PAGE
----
I am intrigued about the working of filesystems.We had a discussion about how live cds work,but couldn't get any solid idea.Searching on the net didn't reveal much directly.So,today I just opened up google and typed Live CD,and lo...Wikipedia's entry took me to about 30 sites by now.I just read up the articles on various methods used and the associated filesystems.But didn't do any serious study.
Unlike the usual FAT,NTFS or the Linux native ext3 or ext2,the filesystems used for this are like CramFS,Cloop,SquashFS,zisofs,UnionFS,auFS etc etc..too many eh?
Basically what I understood was that 'compression' of the boot image is what is done by most of these.CramFS stands for Compressed Filesystem,Cloop is for Compressed loopback(used in Knoppix to compress the approx 2 GB image to fit into a standard CD).There is also this UnionFS which perform Union Mount that merges directory and file nodes of different filesystems.How it actually works,that I didn't lookup,as just the variety of systems used itself has stopped me from going into any one of these deeply.I should clearly understanding the basics.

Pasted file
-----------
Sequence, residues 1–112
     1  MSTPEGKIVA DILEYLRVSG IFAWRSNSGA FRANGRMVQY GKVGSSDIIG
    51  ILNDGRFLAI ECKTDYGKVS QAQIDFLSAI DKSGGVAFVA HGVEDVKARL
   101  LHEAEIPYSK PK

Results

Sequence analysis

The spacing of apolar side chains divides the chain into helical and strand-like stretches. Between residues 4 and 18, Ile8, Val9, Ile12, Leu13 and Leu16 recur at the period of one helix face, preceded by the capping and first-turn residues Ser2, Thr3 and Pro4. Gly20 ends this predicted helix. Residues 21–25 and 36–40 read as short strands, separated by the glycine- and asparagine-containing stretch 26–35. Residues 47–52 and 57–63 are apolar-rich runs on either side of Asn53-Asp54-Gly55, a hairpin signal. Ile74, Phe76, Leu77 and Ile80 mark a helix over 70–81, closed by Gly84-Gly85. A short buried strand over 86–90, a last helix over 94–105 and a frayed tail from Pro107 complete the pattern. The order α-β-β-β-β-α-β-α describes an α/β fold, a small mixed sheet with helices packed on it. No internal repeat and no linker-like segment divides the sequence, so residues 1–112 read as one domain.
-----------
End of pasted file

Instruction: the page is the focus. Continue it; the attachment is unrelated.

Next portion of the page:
I also found some interesting sites explaining the process of creation of a Custom Live CD,(Building Your Own Live CD) and also some articles on softwares like the 'remastersys' for creating live cds from Ubuntu.It is loosely based on mklivecd in Mandriva and remasterme in PCLinuxOS.
The entire concept of filesystems is interesting,but can be quite complicated and at times tough to understand.I should refer to my text book(Tanenbaum) and see if there are any interesting stuff in it.Ebooks don't give the pleasure of reading,which a real book provides.I have tonnes of ebooks on all topics,but I wish I had real books of at least half of that number.
Hope you all have read about the phenomenal record that Firefox 3 made...more than 8 million downloads in 24 hours.Things are going good for the FSF and the OSI as well.Adios..